this country will become involved in
hostilities with Germany, officials are
scanning the war news with the clos
est scrunity.
The kaleidoscopic developments of
the last few week's history have been
followed most keenly. , The apparent
crumbling of Turkish power in Meso
potamia and Persia as shown in th3
capture of Van Sunday by the Russ
sians following the fall of Bagdad to
the British, the unexpected sweeping
forth of both British and French in a
wide swath on the west front, the pro
war revolution in Russia, threats of in
ternal trouble in Germany and China's
severance of relations have served to
convince many observers that the be
ginning of the end "is near.
WAR BETWEEN
II. S. AND GERMANY
ADAMSON LAW HELD
CONSTITUTIONAL
IN EPOCHAL DECISION SUPREME
COURTS OF UNITED STATES
UPHOLD LAW.
VOTE WAS FIVE TO FOUR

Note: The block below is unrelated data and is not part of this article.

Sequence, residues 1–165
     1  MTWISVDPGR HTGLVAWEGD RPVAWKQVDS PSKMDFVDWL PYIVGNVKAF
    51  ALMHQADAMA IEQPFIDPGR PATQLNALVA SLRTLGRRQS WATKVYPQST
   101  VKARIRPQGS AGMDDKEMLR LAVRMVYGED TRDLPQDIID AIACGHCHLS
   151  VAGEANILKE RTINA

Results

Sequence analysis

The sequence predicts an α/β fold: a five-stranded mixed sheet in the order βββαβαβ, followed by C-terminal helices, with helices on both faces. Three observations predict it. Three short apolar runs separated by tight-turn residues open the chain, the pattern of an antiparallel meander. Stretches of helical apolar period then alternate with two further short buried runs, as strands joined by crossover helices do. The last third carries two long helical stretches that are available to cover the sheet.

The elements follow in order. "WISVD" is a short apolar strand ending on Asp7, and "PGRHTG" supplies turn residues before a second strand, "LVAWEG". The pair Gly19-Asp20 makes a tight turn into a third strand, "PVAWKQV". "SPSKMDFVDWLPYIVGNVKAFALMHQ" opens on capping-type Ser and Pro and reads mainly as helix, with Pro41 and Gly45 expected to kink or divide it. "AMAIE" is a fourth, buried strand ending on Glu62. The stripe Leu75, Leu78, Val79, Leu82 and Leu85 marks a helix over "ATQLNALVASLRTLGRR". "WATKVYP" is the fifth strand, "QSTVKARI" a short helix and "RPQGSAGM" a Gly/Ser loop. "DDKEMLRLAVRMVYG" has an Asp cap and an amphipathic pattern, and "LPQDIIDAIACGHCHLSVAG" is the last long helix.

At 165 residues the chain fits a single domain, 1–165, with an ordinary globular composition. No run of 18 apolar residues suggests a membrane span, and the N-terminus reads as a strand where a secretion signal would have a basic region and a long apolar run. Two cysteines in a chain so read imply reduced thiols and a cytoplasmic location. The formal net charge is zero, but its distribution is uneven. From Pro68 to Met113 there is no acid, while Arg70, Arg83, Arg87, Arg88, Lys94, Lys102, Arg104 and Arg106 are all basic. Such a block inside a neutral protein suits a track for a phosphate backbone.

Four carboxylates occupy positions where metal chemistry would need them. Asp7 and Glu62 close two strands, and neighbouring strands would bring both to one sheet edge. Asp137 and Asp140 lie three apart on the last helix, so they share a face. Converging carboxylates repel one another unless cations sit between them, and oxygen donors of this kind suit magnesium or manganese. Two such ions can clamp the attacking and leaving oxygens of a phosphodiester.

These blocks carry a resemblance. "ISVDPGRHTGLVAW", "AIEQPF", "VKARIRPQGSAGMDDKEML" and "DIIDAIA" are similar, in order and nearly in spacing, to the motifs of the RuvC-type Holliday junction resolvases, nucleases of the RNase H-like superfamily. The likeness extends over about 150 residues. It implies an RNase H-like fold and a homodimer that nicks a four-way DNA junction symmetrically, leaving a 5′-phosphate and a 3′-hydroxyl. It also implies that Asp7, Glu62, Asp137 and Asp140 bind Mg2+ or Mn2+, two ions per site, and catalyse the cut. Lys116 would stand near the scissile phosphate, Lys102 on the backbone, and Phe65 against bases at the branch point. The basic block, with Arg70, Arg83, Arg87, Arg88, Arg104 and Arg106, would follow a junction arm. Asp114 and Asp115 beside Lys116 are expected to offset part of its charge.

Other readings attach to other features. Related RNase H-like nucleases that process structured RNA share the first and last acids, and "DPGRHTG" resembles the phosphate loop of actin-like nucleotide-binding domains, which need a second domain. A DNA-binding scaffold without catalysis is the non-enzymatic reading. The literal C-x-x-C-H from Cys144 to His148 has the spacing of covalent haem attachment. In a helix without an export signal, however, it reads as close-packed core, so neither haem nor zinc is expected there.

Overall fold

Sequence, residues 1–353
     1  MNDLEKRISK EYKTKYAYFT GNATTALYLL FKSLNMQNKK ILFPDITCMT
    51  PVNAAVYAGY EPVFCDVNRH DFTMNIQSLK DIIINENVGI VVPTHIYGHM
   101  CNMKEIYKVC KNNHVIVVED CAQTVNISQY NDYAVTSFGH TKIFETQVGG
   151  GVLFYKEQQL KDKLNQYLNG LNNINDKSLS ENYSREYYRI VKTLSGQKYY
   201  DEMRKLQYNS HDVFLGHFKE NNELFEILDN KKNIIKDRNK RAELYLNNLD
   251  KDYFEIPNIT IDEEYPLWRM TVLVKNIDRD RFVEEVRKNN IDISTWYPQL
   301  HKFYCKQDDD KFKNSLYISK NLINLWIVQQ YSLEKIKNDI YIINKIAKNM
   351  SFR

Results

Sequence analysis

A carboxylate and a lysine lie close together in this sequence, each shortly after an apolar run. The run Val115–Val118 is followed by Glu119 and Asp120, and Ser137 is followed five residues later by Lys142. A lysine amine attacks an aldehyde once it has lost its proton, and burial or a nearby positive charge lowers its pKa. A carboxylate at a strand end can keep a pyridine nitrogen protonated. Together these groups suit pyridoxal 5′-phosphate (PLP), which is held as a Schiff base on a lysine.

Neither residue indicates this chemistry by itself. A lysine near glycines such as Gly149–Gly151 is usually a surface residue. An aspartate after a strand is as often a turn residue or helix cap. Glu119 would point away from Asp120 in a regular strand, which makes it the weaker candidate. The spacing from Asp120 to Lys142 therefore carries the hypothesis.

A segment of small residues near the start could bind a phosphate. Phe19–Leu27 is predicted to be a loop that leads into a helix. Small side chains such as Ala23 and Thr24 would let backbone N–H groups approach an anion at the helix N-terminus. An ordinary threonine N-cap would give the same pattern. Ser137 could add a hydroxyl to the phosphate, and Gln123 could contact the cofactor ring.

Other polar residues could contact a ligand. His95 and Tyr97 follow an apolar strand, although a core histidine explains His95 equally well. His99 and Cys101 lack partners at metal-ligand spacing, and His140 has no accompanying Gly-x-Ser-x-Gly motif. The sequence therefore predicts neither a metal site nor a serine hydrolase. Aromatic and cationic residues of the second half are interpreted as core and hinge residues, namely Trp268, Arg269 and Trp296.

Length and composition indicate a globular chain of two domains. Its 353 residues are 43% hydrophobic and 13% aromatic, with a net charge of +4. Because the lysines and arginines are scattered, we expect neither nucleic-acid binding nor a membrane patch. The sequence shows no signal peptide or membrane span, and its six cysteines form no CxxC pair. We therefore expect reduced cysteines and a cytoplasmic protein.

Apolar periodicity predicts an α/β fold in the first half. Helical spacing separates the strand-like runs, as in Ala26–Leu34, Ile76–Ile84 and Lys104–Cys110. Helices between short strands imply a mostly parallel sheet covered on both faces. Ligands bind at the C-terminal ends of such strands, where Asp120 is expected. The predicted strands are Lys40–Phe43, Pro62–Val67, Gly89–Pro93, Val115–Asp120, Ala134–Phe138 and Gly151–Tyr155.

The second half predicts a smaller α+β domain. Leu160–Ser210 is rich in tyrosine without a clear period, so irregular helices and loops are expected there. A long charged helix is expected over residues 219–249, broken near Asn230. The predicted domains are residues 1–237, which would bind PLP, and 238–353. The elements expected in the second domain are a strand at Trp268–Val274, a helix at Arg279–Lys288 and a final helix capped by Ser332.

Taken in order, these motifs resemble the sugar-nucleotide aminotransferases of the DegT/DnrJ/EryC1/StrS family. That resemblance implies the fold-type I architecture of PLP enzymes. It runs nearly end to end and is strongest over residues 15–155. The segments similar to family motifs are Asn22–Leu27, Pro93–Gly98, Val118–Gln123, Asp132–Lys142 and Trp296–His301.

Congress Has Power to Keep Com'
merce Channels Open. Fixes Eight
Hour Day as Basis For Wages.
Chief Justice Delivers Opinion.
Washington. In an epochal decision
holding congress to be clothed with
any and all power necessary to keep
open the channels of interstate com
merce, the supreme court dividing five
to four, sustained the Adamson law
as constitutional and enforceable in
every feature.
The immediate effect of the decision
will be t o fix a permanent eight-hour
basic day in computing wage scales on
interstate railroads, for which a na
tionwide strike twice has been threat
ened and to give, effective from Janu
ary 1 this year, increases in wages to
trainmen of about 25 per cent, at a i
cost to the railroads estimated at from
?40,000,000 to $50,000,000 a year.
The court, through Chief Justice
White, declared both carriers and
their employes, engaged in a busi
ness charged with a public interest,
subject to the right of congress to
compulsorily arbitrate a dispute af